What’s Good for Consumer Goods Manufacturing?
What’s on the road ahead for consumer goods manufacturing? Although the industry is multifaceted and varied, encompassing everything from household goods to food & beverage to apparel and more, most arms of the consumer goods industry are facing similar challenges. Supply chain woes. Geopolitical instability. Economic uncertainty paired with rising costs. Ecommerce disruption. Changing consumer preferences. Labor shortages.
A common thread running through all of those challenges: Stress. According to Deloitte’s “2023 Consumer Products Industry Outlook,” which surveyed executives at CG companies with more than $500 million in revenue, seven of 10 respondents said their job is more stressful now than it was five years ago, due to those ongoing challenges. We believe execs in many industries feel the same.
Here are some trends affecting the consumer goods manufacturing industry today:
Consumer Goods Manufacturing Trends
Challenges remain on the road ahead, but the ride is getting smoother.
Continued supply chain disruptions. No, it’s not over yet. The supply chain bottleneck that most industries faced during the pandemic has improved in some areas but has not gone away. According to a new survey by Coupa Software, 82% of supply chain leaders report bracing for continued supply chain issues in the next year. The industry is looking for ways to take the risk out of its supply chain, namely by reshoring or nearshoring supply to offset the worry about once-reliable sources. One of the wild cards in terms of supply chain is the current geopolitical instability, with the war in Ukraine lingering and tensions heating up with China and Russia.
Economic pressures. A recession is looming. (Or is it? Nobody seems to know.) Prices are rising. Inflation is through the roof. In addition to impacting consumers’ pocketbooks and spending habits, these economic factors are in league with rising costs of raw materials, transportation and labor costs to create a miasma of financial uncertainty. It has caused 80% of respondents in the Deloitte survey to report they’re raising prices further to compensate.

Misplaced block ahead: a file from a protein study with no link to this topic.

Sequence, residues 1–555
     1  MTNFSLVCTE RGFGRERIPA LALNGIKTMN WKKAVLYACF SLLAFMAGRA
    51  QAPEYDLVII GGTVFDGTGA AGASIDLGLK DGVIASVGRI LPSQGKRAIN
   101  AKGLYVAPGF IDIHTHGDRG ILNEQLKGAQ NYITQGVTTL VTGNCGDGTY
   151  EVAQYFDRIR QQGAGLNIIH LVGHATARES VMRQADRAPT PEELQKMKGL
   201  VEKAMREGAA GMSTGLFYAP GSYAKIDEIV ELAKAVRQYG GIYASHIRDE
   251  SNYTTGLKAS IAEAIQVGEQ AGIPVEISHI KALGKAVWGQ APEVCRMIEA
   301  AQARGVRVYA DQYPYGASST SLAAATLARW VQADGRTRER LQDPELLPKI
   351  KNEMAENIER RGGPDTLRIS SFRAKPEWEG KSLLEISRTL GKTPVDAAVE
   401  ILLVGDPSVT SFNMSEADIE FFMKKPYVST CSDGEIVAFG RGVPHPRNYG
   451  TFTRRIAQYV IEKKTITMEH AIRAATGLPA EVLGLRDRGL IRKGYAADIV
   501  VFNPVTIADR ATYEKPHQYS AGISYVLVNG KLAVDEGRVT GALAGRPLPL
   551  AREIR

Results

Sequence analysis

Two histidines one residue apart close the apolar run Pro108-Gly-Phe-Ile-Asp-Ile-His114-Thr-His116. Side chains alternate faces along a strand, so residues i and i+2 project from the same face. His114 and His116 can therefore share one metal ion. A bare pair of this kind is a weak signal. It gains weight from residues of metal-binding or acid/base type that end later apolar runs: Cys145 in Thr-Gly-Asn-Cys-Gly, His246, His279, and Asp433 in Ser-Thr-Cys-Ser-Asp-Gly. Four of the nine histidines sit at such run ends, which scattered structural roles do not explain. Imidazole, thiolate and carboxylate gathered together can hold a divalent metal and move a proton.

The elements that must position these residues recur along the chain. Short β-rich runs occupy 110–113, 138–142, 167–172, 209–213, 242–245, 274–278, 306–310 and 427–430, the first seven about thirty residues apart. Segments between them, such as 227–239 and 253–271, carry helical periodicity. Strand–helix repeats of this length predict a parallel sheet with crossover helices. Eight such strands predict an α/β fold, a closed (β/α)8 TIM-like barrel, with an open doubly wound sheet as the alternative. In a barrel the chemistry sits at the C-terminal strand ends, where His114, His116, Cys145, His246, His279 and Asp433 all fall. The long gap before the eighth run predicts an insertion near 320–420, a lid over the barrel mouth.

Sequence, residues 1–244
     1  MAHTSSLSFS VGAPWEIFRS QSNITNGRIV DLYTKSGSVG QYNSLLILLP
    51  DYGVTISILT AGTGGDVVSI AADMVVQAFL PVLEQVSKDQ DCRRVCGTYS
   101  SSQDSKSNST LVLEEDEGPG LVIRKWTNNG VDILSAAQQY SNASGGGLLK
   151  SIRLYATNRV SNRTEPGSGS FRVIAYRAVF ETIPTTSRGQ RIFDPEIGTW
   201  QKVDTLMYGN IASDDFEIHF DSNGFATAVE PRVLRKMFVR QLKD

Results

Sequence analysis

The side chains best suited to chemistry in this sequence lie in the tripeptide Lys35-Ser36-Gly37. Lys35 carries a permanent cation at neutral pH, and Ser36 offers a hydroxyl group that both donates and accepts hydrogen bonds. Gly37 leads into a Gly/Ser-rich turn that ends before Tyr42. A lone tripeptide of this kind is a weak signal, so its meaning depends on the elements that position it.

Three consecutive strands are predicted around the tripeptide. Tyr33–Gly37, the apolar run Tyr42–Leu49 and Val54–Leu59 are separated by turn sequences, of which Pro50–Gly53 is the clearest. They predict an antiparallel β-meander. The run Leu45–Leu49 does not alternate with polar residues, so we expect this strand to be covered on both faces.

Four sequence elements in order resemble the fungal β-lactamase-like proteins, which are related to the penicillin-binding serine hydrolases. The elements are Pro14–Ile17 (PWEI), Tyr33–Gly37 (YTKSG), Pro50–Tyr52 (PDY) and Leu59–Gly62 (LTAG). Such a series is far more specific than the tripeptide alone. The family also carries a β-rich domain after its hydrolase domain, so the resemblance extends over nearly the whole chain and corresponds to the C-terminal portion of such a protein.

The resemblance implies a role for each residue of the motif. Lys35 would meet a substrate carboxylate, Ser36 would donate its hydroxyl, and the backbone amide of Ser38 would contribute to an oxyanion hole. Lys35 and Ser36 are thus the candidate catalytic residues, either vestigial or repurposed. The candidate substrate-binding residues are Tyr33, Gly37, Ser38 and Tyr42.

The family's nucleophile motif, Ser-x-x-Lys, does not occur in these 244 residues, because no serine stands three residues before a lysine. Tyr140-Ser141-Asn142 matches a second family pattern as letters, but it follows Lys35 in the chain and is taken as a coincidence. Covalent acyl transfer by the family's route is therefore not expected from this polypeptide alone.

Labor shortages. For the consumer manufacturing industry, the labor shortage doesn’t just mean a lack of warm bodies. It also means a lack of skilled workers. The old guard is retiring, and the new generation taking its place needs the skills to operate today’s complex machinery. It means increased training and outreach from trade schools. The problem is, the numbers of young people going into the manufacturing field are dwindling just when we need them most.
Changing consumer preferences. While human behaviorists will be studying the effects of the pandemic on consumer spending for years to come, we see one thing clearly. Preferences and habits are changing. A heightened awareness of the environment is driving younger consumers toward sustainable products, and companies themselves are being held to those standards. Buyers are turning to the comfort and familiarity of known brands rather than taking risks. They are also more focused on health, having lived through a pandemic.
e-and-m-Commerce surge. This is also about consumer behavior, with a twist. The ecommerce surge that started during the pandemic is showing no signs of slowing down. According to Forbes, in 2023, ecommerce sales are projected to grow to 10.4%,with the global ecommerce market hitting $6.3 trillion. Mobile commerce (people making purchases from their smartphones) is poised to hit $415.93 billion this year. For consumer goods companies this may mean the need for a souped-up e-and-m-Commerce site for direct-to-consumer opportunities.
Proven methods for success
At USC Consulting Group, we specialize in helping companies reduce operating costs and improve efficiency… in this economy, or any economy. In our 55+ years in this business, we’ve rolled with a lot of changing tides and helped our clients do the same. We find that trends, challenges, economies and other factors can affect those tides, but tried-and-true operating methods can right the ship every time.
Two of the most powerful methods we use to help companies become more efficient and profitable are SIOP and LSS.
SIOP. Sales, Inventory & Operations Planning takes the normal sales and operations planning (S&OP) process and adds inventory to be as important of a variable and a strategic tool. Following this methodology helps manufacturers eliminate waste, increase efficiencies and achieve an optimal level between not enough and too much. It’s also an unparalleled tool for inventory management, which is a tricky business today given supply chain shortages and changing consumer preferences.
Balancing between too much inventory and too little has been the ongoing challenge after the pandemic, and SIOP can help you get there. If you would like to learn more about SIOP, download our (free) eBook, “Sales, Inventory & Operations Planning: It’s About Time.”
Lean Six Sigma. Two sides of the same coin, Lean looks at making processes more efficient and reducing lead times, while Six Sigma focuses on cutting down on defects. Both are useful goals when aiming to optimize your processes, throughput and ultimately, your bottom line. Together, Lean Six Sigma is a powerful process methodology.
But it takes years to master the balance between speed of throughput and quality of the end product. We have certified black belts in LSS on staff to guide these projects but also train your staff in the techniques. The goal is to make process improvement changes and ensure they are sustainable for years to come.
Interested in hearing more about how we can help? Give us a call and we’ll start by listening.